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Randy Bailey: “I am going to sit back as best I can”

This is the fifth in a series of interviews with Survivor Heroes vs. Villains cast members.

Randy Bailey Randy Bailey was, in some ways, different than the Randy Bailey I talked to in Gabon just over a year earlier. He admitted that: “I do remember your write-up on my last year; you fell for my song and dance the first time, and you thought about it a little bit, and you realized, this guy’s playing me a little bit. He’s not as big an asshole, and your realized that after a couple weeks. Kudos to you. This time I’m not playing you. This is the one you figured out who I was after thinking about it for a few weeks.”

You’d think I’d like ass-kissing Randy better than asshole Randy, but not really, because he wasn’t as open; at one point, he said, “I completely avoided your question; I know that.” There were even a few moments when Randy came off as vaguely paranoid, like when I asked him how his relationship to the game has changed since he last played it, and he said, “you’re definitely more interview savvy than you were because I know what you’re thinking about but I’m not going to say it.” That’s too bad, because I have no idea what I was thinking about, and it would have been nice to know.

At least he was able to acknowledge his unwillingness to discuss certain things. “It’s amazing how media savvy you become from going through this once. I’m not going to say anything that I regret: I love everybody,” Randy joked. That kind of quasi-sarcastic, awkward humor was still there, like when he said, “Fans I don’t care about. Fans can’t vote me off.” He paused. “I guess they can vote for fan favorite. I love my fans, I love every one of them.”

On Survivor Heroes vs. Villains, Randy has to grapple with both being a villain and facing off against someone he didn’t exactly get along with (Sugar). Of course, he’s not concerned. “I was edited a certain way in Gabon and that carries some baggage with it, but I know from being me for a bunch of years that you’re with for 10 minutes and you’re going to like me,” he said. As to Sugar, Randy said, “I haven’t seen Sugar since our reunion. And of course I’m not tight with her; you know better than that. … I’m worried that someone may believe her–she may put on seminars every week saying what an asshole Randy is, and yeah, there could be a hit squad out there now and I have three days left in this game, and if that’s the case, there’s nothing to do about it.”

Overall, he’s hoping the other 19 approach getting to know him in the same way. “There are alliances right now in this building; nothing I can do about it. Not my alliance; I don’t have any,” he said. “If people are going into this game with an open mind like I am–there are some people here that I hated from watching their season, but I know the magic of television, and I have told myself that I will make up my own mind. Not everything you see on television is true,” he said. However, he is hoping that the “lot of baggage” between other cast members works to his advantage; “there’s got to be bad blood,” he said, citing Jerri and Colby.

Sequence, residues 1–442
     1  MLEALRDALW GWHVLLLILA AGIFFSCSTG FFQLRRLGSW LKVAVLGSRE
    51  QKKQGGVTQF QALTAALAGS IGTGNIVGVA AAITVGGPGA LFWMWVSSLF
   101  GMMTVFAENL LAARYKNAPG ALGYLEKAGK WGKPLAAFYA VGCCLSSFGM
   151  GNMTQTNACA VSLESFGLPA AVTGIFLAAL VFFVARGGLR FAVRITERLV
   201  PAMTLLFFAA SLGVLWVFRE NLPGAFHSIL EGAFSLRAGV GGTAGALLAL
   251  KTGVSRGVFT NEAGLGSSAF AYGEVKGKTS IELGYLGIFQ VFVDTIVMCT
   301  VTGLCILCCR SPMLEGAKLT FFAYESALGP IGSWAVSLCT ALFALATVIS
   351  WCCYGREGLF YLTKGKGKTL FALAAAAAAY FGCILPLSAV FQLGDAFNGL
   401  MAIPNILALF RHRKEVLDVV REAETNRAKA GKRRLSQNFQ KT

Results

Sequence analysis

Last time he played, “I didn’t know anything,” Randy said. “It’s a complicated game and you gotta play the game once and lose like I did to really know how to play the game.” The biggest problem he had, though, was that “the confessional Randy creeped into the game Randy, which was a mistake; it hurt me, I couldn’t recover once things started going south.”

So for season 20, his approach is going to be to lay low. “I know using the word Randy and the under-the-radar in the same sentence doesn’t make sense, but I think if there’s ever a season to do it, this is it. I think I am going to sit back as best I can.”

Randy is 50, and thought he is he’s the oldest person (he is), but that doesn’t worry him. “Any preparation physically will make you look better in a swimsuit,” he said. “If you’re fit and 25 and strong, you might be the hero that wins the challenge on day nine that keeps you out of Tribal Council. Big deal. Knowing what I know, I’d rather lose. He did do some preparation, watching episodes on DVD and researching past seasons. “I boned up a little bit on my trivia,” Randy said, but added, “I’m not even sure how much that helps. People would be disappointed if I didn’t say something arrogant: I know that I’m smarter than everyone else in this building.”

At another point, he said, “I got eighth place. What do you need to win challenges for? It’s not even about a social game. I know for a fact that I’m a better player than Bob, Susie, or Sugar. I’m positive; not a doubt in my mind. But the best player doesn’t always win Survivor.” He added, “This time, I know that I can win.”

Hear Randy talk about being in “casting mode” in Gabon (and throwing me out the window), and the “freak show” of his fellow cast members:

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About the author

  • Andy Dehnart

    Andy Dehnart is the creator of reality blurred and a writer and teacher who obsessively and critically covers reality TV and unscripted entertainment, focusing on how it’s made and what it means.

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